George Lorimer, an editor at the Saturday Evening Post, published a series of fictional letters in that magazine in which a father, John Graham, imparts advice to his son, Pierrepont, throughout the different stages of the young man’s life. The letters were then compiled in the hugely successful 1901 book Letters from a Self-Made Merchant to His Son. 
London, October 24, 189—
I’m glad to learn from your letter that you’re getting along so well in your new place, and I hope that when I get home your boss will back up all the good things which you say about yourself. For the future, however, you needn’t bother to keep me posted along this line. It’s the one subject on which most men are perfectly frank, and it’s about the only one on which it isn’t necessary to be. There’s never any use trying to hide the fact that you’re a jim-dandy—you’re bound to be found out. A man who does big things is too busy to talk about them. When the jaws really need exercise, chew gum.
Some men go through life on the Sarsaparilla Theory—that they’ve got to give a hundred doses of talk about themselves for every dollar which they take in; and that’s a pretty good theory when you’re getting a dollar for ten cents’ worth of ingredients. But a man who’s giving a dollar’s worth of himself for ninety-nine cents doesn’t need to throw in any explanations.
Of course, you’re going to meet fellows right along who pass as good men for a while, because they say they’re good men; just as a lot of fives are in circulation which are accepted at their face value until they work up to the receiving teller. And you’re going to see these men taking buzzards and coining eagles from them that will fool people so long as they can keep them in the air; but sooner or later they’re bound to swoop back to their dead horse, and you’ll get the buzzard smell.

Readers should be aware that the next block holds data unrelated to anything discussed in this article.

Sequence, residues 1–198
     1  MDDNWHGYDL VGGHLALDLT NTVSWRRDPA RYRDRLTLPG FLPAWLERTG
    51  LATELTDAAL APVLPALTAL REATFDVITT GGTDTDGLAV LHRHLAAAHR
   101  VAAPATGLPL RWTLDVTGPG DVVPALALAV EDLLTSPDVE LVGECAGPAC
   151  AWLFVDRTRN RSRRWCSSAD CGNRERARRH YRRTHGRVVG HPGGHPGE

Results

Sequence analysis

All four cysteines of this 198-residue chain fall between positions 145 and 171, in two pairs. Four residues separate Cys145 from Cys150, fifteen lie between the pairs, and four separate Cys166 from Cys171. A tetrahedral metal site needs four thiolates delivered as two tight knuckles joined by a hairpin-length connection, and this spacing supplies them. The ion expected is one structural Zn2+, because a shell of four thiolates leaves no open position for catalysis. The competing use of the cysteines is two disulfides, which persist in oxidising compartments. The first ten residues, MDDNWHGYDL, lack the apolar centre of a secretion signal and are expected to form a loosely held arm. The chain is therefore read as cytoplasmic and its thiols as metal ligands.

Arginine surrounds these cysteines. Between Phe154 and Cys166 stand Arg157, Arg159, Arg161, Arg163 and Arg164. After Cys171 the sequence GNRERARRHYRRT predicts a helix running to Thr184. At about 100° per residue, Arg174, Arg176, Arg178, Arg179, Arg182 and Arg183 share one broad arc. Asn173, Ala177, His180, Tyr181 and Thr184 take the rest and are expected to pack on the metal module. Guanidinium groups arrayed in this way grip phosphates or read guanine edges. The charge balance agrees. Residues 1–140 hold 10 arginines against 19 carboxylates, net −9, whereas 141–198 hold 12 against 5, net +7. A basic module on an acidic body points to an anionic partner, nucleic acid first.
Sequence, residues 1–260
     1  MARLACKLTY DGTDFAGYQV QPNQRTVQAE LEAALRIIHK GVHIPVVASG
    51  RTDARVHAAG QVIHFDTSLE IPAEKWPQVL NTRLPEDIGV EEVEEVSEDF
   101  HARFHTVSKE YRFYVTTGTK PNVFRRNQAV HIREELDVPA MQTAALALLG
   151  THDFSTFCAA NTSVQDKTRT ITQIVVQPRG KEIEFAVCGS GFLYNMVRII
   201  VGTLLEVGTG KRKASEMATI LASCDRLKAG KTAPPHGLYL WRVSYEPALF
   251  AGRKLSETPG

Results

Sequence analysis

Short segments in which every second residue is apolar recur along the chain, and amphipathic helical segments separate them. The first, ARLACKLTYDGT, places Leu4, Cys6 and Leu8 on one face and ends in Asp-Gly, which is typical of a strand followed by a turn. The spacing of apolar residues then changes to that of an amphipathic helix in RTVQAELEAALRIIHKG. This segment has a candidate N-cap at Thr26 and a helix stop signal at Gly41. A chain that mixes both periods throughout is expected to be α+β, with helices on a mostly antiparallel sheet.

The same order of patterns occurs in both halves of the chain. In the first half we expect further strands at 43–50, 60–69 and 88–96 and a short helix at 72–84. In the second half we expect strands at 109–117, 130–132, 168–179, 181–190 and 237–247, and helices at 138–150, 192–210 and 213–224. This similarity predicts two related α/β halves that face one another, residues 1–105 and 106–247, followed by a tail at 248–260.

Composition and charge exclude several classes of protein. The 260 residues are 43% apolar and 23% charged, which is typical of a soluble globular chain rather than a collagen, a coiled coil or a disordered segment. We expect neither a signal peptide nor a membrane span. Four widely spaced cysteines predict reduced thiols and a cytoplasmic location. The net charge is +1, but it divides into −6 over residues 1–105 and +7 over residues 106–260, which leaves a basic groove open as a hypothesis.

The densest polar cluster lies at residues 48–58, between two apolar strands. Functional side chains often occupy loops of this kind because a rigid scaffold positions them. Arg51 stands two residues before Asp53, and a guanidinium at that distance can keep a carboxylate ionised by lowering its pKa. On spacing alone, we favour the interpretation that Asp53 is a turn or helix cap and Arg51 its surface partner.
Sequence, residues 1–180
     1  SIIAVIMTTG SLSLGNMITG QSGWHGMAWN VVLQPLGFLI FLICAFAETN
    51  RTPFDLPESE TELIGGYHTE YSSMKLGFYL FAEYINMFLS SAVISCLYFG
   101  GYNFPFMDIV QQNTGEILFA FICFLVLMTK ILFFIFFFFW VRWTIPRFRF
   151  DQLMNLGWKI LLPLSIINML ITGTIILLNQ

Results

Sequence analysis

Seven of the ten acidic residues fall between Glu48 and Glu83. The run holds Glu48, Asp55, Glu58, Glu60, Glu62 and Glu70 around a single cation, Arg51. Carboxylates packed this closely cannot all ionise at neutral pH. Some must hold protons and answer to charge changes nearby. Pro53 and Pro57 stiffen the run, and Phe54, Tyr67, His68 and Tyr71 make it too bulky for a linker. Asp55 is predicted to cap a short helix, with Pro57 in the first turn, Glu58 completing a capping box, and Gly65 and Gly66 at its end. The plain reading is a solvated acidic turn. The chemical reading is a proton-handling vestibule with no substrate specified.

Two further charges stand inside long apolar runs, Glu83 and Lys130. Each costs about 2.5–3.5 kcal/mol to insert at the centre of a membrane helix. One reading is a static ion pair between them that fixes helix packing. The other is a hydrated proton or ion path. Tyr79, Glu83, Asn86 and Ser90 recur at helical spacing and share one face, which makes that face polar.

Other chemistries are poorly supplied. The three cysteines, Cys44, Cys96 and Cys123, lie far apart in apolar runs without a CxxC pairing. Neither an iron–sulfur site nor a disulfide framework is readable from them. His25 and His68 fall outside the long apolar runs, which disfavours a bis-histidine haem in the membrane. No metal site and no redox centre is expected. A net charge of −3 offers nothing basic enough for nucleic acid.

Hot air can take up a balloon a long ways, but it can’t keep it there. And when a fellow’s turning flip-flops up among the clouds, he’s naturally going to have the farmers gaping at him. But in the end there always comes a time when the parachute fails to work. I don’t know anything that’s quite so dead as a man who’s fallen three or four thousand feet off the edge of a cloud.
The only way to gratify a taste for scenery is to climb a mountain. You don’t get up so quick, but you don’t come down so sudden. Even then, there’s a chance that a fellow may slip and fall over a precipice, but not unless he’s foolish enough to try short-cuts over slippery places; though some men can manage to fall down the hall stairs and break their necks. The path isn’t the shortest way to the top, but it’s usually the safest way.
Life isn’t a spurt, but a long, steady climb. You can’t run far up-hill without stopping to sit down. Some men do a day’s work and then spend six lolling around admiring it. They rush at a thing with a whoop and use up all their wind in that. And when they’re rested and have got it back, they whoop again and start off in a new direction. They mistake intention for determination, and after they have told you what they propose to do and get right up to doing it, they simply peter out.
I speak of these things in a general way, because I want you to keep in mind all the time that steady, quiet, persistent, plain work can’t be imitated or replaced by anything just as good, and because your request for a job for Courtland Warrington naturally brings them up. You write that Court says that a man who has occupied his position in the world naturally can’t cheapen himself by stepping down into any little piddling job where he’d have to do undignified things.
I want to start right out by saying that I know Court and his whole breed like a glue factory, and that we can’t use him in our business. He’s one of those fellows who start in at the top and naturally work down to the bottom, because that is where they belong. His father gave him an interest in the concern when he left college, and since the old man failed three years ago and took a salary himself, Court’s been sponging on him and waiting for a nice, dignified job to come along and steal him. But we are not in the kidnapping business.